How reverse mortgages cause financial cancer and emotional pain
Reverse mortgages eat homeowner equity through the power of compound interest working against the borrower, much like the growth of cancer cells.
I’m not a big fan of debt, in case you didn’t notice. I don’t like consumer debt, and I really don’t like reverse mortgages. I recently wrote that Home ownership with no mortgage is the best retirement plan. It stands to reason that I view taking on mortgage debt in retirement as the worst retirement plan.
First, for those who aren’t familiar with reverse mortgages, let’s define what they are. According to the Department of Housing and Urban Development:
A reverse mortgage is a special type of home loan that lets you convert a portion of the equity in your home into cash. The equity that built up over years of home mortgage payments can be paid to you. But unlike a traditional home equity loan or second mortgage, no repayment is required until the borrower(s) no longer use the home as their principal residence or fail to meet the obligations of the mortgage.
If you don’t have to make any payments, it shouldn’t be too difficult to meet the obligations of the mortgage, but many seniors default on the taxes and insurance and allow the property to be foreclosed on. Also from the HUD website:
What’s the difference between a reverse mortgage and a bank home equity loan?
With a traditional second mortgage, or a home equity line of credit, you must have sufficient income versus debt ratio to qualify for the loan, and you are required to make monthly mortgage payments. The reverse mortgage is different in that it pays you, and is available regardless of your current income. The amount you can borrow depends on your age, the current interest rate, and the appraised value of your home, sales price or FHA’s mortgage limits, whichever is less. Generally, the more valuable your home is, the older you are, the lower the interest, the more you may borrow.
Sounds like a good deal, doesn’t it? They give you free money, and you don’t have to sell your house. No wonder the loan is popular, particularly among spenders and Ponzis.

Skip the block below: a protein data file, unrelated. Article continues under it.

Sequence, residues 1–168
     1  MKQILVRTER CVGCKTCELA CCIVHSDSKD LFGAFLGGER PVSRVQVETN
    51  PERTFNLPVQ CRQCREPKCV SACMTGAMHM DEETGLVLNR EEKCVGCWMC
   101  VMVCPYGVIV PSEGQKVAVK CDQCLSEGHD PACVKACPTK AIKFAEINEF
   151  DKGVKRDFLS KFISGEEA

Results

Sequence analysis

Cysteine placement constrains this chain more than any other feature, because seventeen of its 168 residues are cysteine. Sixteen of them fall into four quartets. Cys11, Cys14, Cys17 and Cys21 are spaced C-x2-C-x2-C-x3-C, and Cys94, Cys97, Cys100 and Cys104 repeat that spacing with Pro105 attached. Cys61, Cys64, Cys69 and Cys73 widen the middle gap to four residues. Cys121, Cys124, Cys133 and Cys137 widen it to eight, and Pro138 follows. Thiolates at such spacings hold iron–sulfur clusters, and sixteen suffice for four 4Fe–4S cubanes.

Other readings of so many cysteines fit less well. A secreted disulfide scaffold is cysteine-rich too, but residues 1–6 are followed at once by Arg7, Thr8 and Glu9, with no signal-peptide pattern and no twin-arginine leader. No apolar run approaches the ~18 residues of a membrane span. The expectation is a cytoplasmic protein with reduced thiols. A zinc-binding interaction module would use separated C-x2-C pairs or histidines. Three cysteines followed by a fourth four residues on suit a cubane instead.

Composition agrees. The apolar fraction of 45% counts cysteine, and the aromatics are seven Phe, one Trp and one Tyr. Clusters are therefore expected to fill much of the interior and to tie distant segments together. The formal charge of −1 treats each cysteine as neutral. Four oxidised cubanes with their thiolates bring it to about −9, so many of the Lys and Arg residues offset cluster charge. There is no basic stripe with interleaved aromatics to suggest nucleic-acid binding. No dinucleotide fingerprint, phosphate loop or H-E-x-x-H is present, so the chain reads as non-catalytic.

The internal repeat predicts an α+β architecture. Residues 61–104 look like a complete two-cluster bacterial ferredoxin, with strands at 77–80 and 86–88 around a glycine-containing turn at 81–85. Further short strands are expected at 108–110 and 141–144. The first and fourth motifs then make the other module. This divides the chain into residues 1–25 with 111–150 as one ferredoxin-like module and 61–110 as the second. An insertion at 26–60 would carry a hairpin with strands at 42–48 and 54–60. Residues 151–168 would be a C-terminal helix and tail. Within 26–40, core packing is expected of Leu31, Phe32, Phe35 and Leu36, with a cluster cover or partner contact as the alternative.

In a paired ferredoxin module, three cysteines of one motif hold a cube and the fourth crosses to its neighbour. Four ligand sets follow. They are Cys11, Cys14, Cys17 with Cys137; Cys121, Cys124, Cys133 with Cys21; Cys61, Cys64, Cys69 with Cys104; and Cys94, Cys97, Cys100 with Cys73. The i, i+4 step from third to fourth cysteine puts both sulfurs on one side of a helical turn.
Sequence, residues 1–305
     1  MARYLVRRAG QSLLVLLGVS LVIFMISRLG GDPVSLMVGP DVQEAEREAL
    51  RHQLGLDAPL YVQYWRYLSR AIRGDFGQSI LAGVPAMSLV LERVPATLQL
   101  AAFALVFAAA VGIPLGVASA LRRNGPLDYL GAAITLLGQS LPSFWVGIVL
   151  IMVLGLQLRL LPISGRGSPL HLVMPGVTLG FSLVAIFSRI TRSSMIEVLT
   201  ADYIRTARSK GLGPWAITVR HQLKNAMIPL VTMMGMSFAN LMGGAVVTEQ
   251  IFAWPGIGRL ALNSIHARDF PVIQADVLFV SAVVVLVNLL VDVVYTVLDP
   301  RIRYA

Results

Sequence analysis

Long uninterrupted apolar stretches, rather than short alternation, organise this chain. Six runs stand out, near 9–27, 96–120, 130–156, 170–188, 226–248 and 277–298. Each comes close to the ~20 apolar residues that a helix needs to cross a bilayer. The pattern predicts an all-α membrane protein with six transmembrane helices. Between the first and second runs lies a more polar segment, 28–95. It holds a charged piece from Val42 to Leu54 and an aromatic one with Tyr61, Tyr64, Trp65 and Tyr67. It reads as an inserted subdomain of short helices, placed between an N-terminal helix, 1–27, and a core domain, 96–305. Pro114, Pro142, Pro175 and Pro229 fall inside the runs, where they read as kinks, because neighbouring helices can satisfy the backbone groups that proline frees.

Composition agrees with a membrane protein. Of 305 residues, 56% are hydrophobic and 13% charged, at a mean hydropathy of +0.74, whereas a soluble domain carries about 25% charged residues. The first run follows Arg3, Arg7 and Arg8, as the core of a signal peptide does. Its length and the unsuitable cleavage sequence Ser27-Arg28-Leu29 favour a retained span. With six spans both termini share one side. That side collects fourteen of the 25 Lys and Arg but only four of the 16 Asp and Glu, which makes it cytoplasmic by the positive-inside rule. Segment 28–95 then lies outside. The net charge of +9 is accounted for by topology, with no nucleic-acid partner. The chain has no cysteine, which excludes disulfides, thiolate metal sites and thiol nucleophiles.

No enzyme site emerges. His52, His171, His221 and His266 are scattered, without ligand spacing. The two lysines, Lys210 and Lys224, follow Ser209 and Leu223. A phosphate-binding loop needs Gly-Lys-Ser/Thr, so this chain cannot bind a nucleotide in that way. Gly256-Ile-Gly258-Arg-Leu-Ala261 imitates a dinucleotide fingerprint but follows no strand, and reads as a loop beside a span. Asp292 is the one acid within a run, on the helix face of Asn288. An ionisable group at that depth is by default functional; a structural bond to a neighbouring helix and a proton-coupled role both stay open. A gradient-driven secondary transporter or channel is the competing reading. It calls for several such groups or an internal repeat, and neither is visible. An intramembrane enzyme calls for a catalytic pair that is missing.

Executives from reverse mortgage companies know plenty about consumers’ feelings around inheritance. After all, they’re in the business of encouraging older Americans to drain equity now from homes they may pass on to their heirs in the future.
But dare to quote one of these people as a source in this publication, as I did last week, and this is the kind of vigorous reaction that comes from readers:
“I can’t even imagine a scenario where a reverse mortgage should be considered anything but radioactive,” said one comment.
And: “They’re nothing but a scam that nobody with any common sense should fall for,” according to another.
“These vehicles are the province of the most unscrupulous of lenders and would be outlawed in a more civilized society,” said a third.
It’s good to know lenders haven’t duped all Americans into being stupid sheeple.
These are easy things to say when you have enough savings or pension and Social Security income to get by. But given that older Americans’ homes are worth, on average, more than their other combined savings, there is a begrudging inevitability about reverse mortgages. As more people enter retirement in the coming decades with modest savings and no private pension, they’re going to need some of that home equity back during their increasingly long lives.
It’s been fascinating to watch the reverse mortgage industry grow up — or try to — in recent years. On one hand, it’s always been filled with no-name companies using second-tier celebrities to try to sell seniors on the product. Unethical salespeople engaged in all manner of bad behavior, persuaded customers to pull equity from their homes and invest it in inappropriate financial products or to leave spouses off the property’s deed in a way that caused them to lose the homes later.
Take a bad product and sell it through dishonest operators, and you end up with a catastrophe.
Name-brand companies like Bank of America, Wells Fargo and MetLife fled the sector in horror. …
“When I look forward, I don’t see how people are going to have enough, I really don’t,” she said. People spend their adult lives paying off their mortgages, and those with pensions were often able to avoid using that home equity in retirement.
“Our assessment going forward is that it’s a luxury we’re not going to be able to afford,” Ms. Munnell added. “They are going to need money, and this is the place where the money is.” …
This is exactly why reverse mortgages will be popular with baby boomers. For many of them, the equity in their home is the only savings they have, assuming they didn’t already blow it with mortgage equity withdrawal.
Lenders have asked the well-respected Mr. Evensky to use his research in new releases, he said, and are prone to wanting to oversell it or extrapolate it to other uses. The industry, where loan originations have fallen roughly by half in recent years, has a slight whiff of desperation about it.
Still, over the next five or 10 years, more people are probably going to need these loans whether we like it or not. It could happen if they’re completely out of money, in which case they may use so much of their equity for living expenses that there may not be much left if they later need to sell the house and move to a nursing home.